- GRANT DATE: Most of the time you are not granted full ownership of actual stock right off the bat. The grant date is the initial date that the options are granted to you.
- VESTING: Vesting is you actually have full control of the options. From there you will normally be subject to a vesting schedule. The vesting schedule will begin the day the options are granted, and will list the specific time when you will able to exercise your options and how many shares can be exercised.This whole process is about as much fun as running on a treadmill in a wetsuit. To give an example, if you are lucky enough to be granted 10,000 shares on the grant date, but 20% vest each year, you would be able to sell 2000 shares one year from the grant date. The following year another 2000 shares would become available and so on.
- EXPIRATION DATE: At some point the options will expire if you do nothing with them. This day is the expiration date. Once the expiration date has passed the employer is no longer on the hook to honor the stock options agreement. So make sure you know your expiration dates, and don’t miss them.
- EXERCISE: There is a specific price listed when an employee stock option is granted known as the exercise price, this is what you would pay to buy your options. The gain from your purchase is determined by the gap between the value of the stock at the time of exercise and the exercise price. This gap is known as the “Bargain Element” which is considered “compensation” and taxed at ordinary income tax rates.
Stock options and taxes
If you want to maximize the value of your options and help minimize the tax bill, you will need to follow a specific set of rules from the IRS. Ultimately taxation will depend on timing and the type of ESO plan you owned.
Non-qualified stock options (NSO) taxation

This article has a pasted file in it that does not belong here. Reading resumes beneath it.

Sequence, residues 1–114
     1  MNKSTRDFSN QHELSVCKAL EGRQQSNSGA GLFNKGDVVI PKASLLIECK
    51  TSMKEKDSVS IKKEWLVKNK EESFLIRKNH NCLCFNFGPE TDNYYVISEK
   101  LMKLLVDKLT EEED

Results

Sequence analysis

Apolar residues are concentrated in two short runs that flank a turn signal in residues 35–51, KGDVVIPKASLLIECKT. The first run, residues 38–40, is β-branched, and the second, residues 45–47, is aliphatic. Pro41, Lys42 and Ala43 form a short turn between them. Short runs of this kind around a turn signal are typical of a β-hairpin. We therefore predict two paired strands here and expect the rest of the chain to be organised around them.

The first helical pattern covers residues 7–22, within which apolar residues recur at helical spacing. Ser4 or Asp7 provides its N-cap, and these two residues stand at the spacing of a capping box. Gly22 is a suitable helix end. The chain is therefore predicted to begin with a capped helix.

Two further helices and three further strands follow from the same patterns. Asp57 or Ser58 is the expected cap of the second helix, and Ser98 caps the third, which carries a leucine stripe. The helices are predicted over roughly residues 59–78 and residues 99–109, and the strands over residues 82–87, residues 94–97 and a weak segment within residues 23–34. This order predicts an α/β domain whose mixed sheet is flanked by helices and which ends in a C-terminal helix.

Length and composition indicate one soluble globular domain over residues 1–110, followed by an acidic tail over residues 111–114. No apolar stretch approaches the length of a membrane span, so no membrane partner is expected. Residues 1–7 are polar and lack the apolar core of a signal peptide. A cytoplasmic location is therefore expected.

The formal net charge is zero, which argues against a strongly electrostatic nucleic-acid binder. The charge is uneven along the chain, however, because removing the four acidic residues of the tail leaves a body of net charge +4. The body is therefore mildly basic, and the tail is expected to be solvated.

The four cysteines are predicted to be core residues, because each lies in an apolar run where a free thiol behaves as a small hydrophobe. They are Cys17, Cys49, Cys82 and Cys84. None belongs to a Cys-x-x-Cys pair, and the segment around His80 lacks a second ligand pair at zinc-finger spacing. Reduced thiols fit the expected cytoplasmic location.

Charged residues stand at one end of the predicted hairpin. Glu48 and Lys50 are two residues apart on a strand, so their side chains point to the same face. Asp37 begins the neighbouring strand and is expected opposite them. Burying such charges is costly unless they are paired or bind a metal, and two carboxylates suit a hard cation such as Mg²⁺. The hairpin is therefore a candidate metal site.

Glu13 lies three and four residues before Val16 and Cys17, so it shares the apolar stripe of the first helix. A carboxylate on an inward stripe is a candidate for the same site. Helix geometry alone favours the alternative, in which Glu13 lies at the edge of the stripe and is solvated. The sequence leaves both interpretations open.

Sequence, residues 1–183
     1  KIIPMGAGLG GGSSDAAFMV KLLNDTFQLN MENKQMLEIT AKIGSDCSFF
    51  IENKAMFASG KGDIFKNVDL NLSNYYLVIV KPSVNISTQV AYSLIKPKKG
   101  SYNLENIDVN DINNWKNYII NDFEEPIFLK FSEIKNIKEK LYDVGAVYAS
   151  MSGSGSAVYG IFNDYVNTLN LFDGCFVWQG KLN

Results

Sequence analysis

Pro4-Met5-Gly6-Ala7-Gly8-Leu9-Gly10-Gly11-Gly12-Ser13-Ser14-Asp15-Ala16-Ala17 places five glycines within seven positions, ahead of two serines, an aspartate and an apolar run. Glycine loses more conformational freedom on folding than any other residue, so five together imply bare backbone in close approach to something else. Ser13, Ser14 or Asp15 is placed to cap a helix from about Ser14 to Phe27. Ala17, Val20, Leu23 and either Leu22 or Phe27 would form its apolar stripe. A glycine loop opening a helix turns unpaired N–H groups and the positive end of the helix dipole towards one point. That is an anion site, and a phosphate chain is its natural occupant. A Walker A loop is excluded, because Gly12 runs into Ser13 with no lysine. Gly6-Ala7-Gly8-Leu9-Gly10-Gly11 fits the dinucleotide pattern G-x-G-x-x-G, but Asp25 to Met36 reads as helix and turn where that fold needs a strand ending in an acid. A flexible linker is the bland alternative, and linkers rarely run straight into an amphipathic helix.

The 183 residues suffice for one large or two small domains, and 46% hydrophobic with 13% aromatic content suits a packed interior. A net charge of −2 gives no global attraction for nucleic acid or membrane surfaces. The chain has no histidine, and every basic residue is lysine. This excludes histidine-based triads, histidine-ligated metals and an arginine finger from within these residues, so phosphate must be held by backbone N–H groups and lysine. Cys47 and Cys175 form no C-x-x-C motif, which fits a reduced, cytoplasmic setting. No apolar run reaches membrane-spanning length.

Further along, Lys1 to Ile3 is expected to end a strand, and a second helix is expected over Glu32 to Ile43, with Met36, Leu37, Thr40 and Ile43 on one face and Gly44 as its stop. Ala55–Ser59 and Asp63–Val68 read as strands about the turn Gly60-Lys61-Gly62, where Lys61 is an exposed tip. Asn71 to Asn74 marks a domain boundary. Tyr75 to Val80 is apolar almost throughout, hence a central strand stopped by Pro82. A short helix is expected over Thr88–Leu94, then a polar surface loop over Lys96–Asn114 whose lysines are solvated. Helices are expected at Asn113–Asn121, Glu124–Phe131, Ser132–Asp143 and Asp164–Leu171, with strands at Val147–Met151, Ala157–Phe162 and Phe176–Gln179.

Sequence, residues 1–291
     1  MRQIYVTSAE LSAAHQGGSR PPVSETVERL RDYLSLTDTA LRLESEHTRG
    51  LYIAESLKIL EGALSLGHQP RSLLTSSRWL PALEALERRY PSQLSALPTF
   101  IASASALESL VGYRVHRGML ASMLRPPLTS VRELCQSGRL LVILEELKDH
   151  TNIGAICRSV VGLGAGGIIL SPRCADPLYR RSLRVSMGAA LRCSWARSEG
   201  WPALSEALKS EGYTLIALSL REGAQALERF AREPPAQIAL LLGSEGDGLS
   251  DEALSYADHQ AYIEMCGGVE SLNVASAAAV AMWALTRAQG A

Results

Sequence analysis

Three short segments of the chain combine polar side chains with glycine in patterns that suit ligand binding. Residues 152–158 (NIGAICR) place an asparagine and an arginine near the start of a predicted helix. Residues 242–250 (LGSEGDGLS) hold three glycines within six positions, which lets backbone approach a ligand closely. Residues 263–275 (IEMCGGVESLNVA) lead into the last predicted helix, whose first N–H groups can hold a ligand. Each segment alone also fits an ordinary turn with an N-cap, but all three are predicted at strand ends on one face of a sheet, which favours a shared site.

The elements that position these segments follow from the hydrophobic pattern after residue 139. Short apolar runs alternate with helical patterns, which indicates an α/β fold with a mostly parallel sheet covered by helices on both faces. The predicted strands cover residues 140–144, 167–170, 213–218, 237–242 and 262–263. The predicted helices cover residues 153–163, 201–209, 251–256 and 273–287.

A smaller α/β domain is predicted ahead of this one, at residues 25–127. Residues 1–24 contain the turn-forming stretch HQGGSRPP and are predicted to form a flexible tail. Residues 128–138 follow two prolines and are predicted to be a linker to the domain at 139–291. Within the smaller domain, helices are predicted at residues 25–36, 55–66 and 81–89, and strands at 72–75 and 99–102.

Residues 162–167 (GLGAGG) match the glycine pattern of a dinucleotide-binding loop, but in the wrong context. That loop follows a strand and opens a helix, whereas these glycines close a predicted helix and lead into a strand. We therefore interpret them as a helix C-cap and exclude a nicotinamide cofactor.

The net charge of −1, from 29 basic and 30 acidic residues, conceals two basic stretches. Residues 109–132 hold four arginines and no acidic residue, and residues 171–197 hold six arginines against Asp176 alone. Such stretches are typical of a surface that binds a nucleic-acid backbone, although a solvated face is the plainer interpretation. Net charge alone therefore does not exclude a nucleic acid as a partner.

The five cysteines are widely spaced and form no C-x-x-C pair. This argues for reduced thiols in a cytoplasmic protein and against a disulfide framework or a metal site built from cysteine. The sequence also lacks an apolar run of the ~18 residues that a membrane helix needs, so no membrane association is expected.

- The granting of NSO stock options is not a taxable event.
- The taxation begins once you have exercised your stock options. The bargain element in non-qualified stock options is considered compensation and is taxed at ordinary income tax rates.
- There are essentially two taxable events with NSO plans:
- Exercise of the options and eventually selling the stocks. If you choose to sell the exercised stocks in the first year the transaction will be reported as a short-term capital gain (or loss).
- Short-term capital gains that are taxed at ordinary income tax rates. If you hold the shares beyond one year the gains will be reported as long-term capital gains. For most people reading this, long term capital gains rates are markedly lower than their ordinary income tax rates.
Incentive Stock Options (ISO) special tax treatment
- Granting of ISO stock options is not a taxable event.
- Unlike NSO plans, exercise of Incentive Stock options does not trigger a taxable event. But beware that the bargain element of ISO plans may trigger the Alternative Minimum Tax (AMT)
- For ISO plans, the first taxable event occurs at the sale of shares. If sold immediately, the bargain element is treated as ordinary income (with the higher tax rates that come with it).
- To achieve long-term capital gains rates you should make sure to hold for 12 months after being exercised and not sold within two years of the original stock grant date.